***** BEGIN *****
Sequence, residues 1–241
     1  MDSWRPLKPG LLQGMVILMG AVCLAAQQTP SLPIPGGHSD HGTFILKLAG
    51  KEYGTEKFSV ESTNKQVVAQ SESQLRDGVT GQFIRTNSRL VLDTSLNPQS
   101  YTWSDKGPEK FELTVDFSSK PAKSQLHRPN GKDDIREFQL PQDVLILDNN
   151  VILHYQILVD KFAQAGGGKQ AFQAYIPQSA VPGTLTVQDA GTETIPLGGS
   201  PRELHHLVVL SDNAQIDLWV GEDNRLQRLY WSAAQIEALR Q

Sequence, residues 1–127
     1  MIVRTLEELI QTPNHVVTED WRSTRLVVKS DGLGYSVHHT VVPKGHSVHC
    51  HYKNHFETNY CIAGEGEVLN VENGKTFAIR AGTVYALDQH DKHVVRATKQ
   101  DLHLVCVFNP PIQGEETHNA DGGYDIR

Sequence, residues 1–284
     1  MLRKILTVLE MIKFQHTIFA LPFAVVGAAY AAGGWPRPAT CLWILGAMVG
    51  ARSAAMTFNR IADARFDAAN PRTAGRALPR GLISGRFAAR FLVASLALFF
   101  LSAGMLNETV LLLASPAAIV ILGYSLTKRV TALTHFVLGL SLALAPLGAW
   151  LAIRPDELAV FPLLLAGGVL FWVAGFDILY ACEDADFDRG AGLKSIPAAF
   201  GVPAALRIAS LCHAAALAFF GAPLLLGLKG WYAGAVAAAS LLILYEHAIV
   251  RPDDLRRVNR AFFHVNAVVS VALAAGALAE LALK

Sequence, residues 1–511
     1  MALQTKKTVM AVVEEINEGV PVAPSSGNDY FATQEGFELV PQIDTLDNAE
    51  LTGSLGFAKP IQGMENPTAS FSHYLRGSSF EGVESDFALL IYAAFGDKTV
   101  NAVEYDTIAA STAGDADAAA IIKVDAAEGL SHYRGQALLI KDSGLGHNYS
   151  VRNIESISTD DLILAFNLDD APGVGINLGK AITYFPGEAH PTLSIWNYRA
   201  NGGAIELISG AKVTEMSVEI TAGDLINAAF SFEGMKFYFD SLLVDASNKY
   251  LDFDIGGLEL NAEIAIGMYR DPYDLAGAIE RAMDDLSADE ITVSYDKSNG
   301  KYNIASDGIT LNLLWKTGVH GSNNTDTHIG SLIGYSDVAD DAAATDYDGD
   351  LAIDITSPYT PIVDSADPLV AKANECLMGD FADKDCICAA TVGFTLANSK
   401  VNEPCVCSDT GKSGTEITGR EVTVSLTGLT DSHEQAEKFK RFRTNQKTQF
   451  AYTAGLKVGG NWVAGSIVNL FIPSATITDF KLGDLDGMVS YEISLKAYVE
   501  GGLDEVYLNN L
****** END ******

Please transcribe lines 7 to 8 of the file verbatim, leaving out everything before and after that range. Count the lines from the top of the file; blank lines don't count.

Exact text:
Sequence, residues 1–127
     1  MIVRTLEELI QTPNHVVTED WRSTRLVVKS DGLGYSVHHT VVPKGHSVHC